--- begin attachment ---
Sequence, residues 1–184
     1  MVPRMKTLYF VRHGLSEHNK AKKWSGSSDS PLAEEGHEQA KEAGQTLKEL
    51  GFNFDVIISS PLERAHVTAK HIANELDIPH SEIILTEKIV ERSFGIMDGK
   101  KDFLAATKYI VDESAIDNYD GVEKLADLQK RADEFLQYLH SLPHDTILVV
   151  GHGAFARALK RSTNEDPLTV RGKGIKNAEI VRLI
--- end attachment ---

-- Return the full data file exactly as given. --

Sequence, residues 1–184
     1  MVPRMKTLYF VRHGLSEHNK AKKWSGSSDS PLAEEGHEQA KEAGQTLKEL
    51  GFNFDVIISS PLERAHVTAK HIANELDIPH SEIILTEKIV ERSFGIMDGK
   101  KDFLAATKYI VDESAIDNYD GVEKLADLQK RADEFLQYLH SLPHDTILVV
   151  GHGAFARALK RSTNEDPLTV RGKGIKNAEI VRLI